City Council hears presentation on ideas to address physician shortage

Back in December, Fort St. John City Council decided to accept Myers Norris Penny LLP as a sole source proposal so the organization could create a research study and business plan to determine the cost and viability of creating a public clinic. Today Council heard the results of that study and potential solutions to the problem of physician recruitment and retaining them in Fort St. John.

The study examined the staffing numbers at the ABC Medical Clinic, and the Fort St. John Family Medical Clinic, as well as the financials of both facilities. The MNP study compared the figures of the local clinics to other clinics in B.C., as well as Manitoba and Ontario for analysis. The comparison illustrated that overhead rates charged at both local clinics do not appear to be significantly higher than other clinics researched.

As of September of this year, Fort St. John is projected to have 15 family physicians with office practices in the community. Northern Health projected a need for 31 family physicians for 2010/2011. Since that number has not been updated since, the study noted that Fort St. John currently needs “at least” 31 doctors.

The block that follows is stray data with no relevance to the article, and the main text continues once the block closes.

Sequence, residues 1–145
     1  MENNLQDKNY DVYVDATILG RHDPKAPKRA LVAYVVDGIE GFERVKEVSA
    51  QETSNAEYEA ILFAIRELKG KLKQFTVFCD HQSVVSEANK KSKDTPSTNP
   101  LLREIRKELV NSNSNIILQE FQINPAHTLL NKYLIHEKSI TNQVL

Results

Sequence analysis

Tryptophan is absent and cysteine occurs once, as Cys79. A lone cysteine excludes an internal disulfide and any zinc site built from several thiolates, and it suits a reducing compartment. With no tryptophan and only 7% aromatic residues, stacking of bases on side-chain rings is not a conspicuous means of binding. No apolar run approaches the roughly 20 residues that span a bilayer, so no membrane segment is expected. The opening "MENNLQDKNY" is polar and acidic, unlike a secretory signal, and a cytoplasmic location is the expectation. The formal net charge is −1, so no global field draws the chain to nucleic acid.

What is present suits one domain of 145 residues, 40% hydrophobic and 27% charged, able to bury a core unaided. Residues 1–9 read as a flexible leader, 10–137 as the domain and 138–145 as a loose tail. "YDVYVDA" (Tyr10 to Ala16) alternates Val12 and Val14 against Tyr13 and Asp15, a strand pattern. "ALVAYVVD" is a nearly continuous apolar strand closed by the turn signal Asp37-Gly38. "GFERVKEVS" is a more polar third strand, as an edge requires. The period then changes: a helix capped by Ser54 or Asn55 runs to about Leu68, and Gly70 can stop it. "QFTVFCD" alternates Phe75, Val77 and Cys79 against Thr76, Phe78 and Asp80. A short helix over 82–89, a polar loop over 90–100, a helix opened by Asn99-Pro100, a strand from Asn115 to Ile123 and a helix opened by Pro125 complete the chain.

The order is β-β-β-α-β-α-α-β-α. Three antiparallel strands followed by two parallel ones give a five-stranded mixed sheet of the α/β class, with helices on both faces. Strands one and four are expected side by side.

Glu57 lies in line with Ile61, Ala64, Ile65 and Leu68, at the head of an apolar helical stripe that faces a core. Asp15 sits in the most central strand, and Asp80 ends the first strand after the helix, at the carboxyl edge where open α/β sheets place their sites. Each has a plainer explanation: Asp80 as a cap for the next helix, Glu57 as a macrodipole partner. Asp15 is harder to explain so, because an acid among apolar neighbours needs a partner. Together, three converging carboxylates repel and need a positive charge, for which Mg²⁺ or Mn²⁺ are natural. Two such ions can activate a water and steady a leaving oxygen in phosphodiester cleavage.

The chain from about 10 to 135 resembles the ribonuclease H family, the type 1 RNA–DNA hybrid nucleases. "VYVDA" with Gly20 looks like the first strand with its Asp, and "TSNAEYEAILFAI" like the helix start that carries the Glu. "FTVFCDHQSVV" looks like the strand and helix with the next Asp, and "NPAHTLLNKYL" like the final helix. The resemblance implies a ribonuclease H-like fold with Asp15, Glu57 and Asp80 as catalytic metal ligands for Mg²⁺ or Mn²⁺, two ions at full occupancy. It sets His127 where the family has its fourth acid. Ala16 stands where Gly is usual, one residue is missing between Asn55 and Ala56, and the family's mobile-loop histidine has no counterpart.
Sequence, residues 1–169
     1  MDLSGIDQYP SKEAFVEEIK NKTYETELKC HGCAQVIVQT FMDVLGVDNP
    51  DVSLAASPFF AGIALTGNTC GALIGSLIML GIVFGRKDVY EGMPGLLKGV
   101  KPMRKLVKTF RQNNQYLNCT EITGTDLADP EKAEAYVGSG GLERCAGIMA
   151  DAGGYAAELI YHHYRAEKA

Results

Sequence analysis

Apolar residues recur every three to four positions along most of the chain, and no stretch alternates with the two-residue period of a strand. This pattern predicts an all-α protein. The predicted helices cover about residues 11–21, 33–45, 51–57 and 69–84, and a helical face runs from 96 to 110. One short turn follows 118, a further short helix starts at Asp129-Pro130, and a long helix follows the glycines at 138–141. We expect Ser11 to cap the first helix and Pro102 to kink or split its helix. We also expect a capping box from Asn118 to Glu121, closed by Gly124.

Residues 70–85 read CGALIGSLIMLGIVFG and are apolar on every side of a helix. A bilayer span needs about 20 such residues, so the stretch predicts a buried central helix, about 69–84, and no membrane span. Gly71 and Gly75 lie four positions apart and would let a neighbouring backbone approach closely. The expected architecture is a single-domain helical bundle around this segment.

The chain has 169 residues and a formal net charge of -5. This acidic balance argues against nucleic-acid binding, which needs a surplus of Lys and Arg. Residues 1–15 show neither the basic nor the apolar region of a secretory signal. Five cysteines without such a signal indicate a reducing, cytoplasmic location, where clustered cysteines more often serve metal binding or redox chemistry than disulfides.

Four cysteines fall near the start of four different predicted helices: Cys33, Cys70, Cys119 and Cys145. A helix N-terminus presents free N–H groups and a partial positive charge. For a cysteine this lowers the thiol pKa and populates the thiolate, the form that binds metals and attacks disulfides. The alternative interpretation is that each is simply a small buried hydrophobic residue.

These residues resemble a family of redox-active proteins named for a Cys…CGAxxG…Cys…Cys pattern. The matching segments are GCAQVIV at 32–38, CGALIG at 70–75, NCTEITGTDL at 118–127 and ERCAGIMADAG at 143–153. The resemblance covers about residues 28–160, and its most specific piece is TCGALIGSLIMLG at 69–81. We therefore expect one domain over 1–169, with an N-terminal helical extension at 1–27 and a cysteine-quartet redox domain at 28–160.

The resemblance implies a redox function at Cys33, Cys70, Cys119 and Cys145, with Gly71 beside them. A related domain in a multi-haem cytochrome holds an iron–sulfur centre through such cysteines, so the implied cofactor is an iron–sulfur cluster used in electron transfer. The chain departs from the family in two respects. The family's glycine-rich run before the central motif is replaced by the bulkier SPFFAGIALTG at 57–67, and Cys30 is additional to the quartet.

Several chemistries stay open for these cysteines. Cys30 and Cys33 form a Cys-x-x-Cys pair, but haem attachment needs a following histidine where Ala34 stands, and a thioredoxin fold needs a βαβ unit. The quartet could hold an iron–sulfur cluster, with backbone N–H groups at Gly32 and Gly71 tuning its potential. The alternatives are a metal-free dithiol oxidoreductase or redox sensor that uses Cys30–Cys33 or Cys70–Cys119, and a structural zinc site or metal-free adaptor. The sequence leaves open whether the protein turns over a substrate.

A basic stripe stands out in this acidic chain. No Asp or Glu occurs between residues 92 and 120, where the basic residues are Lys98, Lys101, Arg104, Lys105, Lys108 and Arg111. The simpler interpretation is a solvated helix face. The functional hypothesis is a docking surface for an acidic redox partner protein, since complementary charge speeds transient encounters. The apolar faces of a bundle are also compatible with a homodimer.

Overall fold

National director of health consulting for MNP Greg Lamothe presented Council with clinic model options in response to the shortage. The options included construction of a new clinic, purchasing existing space from the Fort St. John Family Practice, leasing space from the Fort St. John Family Practice, or leasing elsewhere. The options looked at variables such as the number of physicians, the amount of space, construction costs, operating costs, lease rates, debt and term rates, and a number of other factors.

Each of the four options provided their downsides, in particular the cost of the monthly and annual physician overhead when it came to options one and four which would potentially give Fort St. John the required amount of family doctors. Options two and three, the purchasing or leasing of space from the Fort St. John Family Practice would keep overhead costs reasonable, but would still leave Fort St. John short at least 10 doctors.

After the presentation Mayor Lori Ackerman said the second and third options presented were short term options for Fort St. John, but that Council is looking for a long term answer to the problem.

“My only stumbling block with this whole thing is 21 physicians is not sufficient if we’re looking long term,” she said. “This is going to the long term health care committee. Community long term is decades. If we’re looking at 2010-2011 as saying we needed 31 doctors, I appreciate options two and three but that’s more of a short term fix.”

The report will be now be looked at by the Long Term Health Care Committee to determine the next steps in the process.

Below is a copy of the full presentation made to Fort St. John City Council.

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